Welcome to the International Cartographic Association
The ICA Executive Committee and Commission Chairs at the first meeting of the 2019–2023 term in Gent, BelgiumWelcome to the website of the International Cartographic AssociationView our poster series as a contribution to the Sustainable Development Goals View our poster series as a contribution to the Sustainable Development Goals
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Welcome to the website of the International Cartographic Association
View our poster series as a contribution to the Sustainable Development


From a practical viewpoint, it is clear that many of the highly skilled operations associated with cartography and GI handling require training and experience. This, itself, is an area of concern for ICA. In the research context, however, education can be divided into scientific education in universities, education at schools and continuous education as a part of the profession (the latter also includes training and practical ‘on-the-job’ knowledge acquisition). Research in these areas has examined curricula, practices in distance learning, e-learning and professional updating, access to maps and spatial data, use of maps to promote attitudes and behaviours (e.g. spatial thinking), and establishment of a profile for cartography which allows it to be applied and integrated with other subjects at school and in society.

University curricula have been changed during the past years: it is clear that GI systems and GI science have taken over a place in the classroom from cartography. The impact of new technologies and political pressures, such as the introduction of the Bologna pattern of study at European universities, has lessened the appeal of cartography. However, cartography is a subject which can and should play a larger role in curricula at many schools and universities. Curricula need continuous updating because of the rapidly developing technology and increasing methodology and theoretical knowledge. International cartographic association must follow the developments at universities and also try to influence the development of educational programs. Universities in less developed countries could enjoy distance learning and virtual education, as long as the methods and content match research findings in this general area.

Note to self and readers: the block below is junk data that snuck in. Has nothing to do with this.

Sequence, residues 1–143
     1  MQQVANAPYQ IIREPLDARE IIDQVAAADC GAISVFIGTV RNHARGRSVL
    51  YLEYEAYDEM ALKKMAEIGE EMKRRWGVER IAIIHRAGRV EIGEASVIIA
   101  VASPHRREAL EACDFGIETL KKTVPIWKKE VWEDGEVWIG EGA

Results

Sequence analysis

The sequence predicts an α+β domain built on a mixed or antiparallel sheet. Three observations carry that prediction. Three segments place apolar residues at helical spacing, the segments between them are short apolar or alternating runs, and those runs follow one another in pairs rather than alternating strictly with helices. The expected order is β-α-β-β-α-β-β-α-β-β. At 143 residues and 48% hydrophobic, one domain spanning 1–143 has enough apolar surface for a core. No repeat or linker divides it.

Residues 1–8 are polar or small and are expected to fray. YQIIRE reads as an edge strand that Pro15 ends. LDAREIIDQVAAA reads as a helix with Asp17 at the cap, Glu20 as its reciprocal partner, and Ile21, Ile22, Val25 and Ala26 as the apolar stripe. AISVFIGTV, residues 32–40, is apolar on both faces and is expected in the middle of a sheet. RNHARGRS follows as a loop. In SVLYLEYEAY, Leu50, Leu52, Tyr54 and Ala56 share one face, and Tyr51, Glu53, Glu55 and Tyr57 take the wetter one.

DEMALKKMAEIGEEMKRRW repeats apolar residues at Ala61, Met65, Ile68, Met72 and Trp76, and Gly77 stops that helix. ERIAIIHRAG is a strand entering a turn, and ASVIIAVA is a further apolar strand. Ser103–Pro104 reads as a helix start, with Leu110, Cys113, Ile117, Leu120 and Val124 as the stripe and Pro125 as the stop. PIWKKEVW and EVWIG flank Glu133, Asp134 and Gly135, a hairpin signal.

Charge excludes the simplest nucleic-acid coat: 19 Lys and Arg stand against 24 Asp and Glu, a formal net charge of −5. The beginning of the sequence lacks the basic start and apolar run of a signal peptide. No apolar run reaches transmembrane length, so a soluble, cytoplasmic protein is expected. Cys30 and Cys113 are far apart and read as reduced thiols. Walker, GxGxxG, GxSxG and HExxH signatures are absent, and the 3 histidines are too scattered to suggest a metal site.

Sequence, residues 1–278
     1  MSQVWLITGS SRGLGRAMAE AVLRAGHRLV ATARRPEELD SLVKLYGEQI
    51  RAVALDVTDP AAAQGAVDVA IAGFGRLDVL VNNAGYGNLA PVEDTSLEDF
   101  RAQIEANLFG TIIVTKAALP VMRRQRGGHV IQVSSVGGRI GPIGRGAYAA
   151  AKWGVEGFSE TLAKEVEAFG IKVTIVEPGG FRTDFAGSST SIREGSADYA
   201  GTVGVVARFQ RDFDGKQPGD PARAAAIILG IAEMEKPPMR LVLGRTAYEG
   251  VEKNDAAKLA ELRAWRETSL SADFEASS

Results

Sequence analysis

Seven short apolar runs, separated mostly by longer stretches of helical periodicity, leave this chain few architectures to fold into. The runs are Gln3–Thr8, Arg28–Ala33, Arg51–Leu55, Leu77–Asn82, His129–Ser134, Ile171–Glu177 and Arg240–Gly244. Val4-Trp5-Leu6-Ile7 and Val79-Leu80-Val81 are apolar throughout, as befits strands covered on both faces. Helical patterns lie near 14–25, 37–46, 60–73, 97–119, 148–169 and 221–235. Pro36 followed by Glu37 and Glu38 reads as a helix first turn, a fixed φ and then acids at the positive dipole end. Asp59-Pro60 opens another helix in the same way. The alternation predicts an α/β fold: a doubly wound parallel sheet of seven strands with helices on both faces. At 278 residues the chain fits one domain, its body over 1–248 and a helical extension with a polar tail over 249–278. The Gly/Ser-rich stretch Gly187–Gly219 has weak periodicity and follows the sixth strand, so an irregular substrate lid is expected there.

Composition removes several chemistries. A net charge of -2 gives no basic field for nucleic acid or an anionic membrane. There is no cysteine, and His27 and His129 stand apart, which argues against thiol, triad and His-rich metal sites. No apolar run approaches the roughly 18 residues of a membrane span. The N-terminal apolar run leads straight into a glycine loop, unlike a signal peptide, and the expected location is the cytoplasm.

Cartography and GI science as school subjects have taken some space in school teaching mainly in the geography and environmental programs. International cartographic association should also try to influence to this change, particularly in developing countries. Schools should be able to enjoy Internet datasets and free software. Especially in elementary school education, spatial thinking and learning enhanced by using maps are interesting topics. These topics are related with more general research into pedagogic learning, but could be recognized more in cartographic research as well.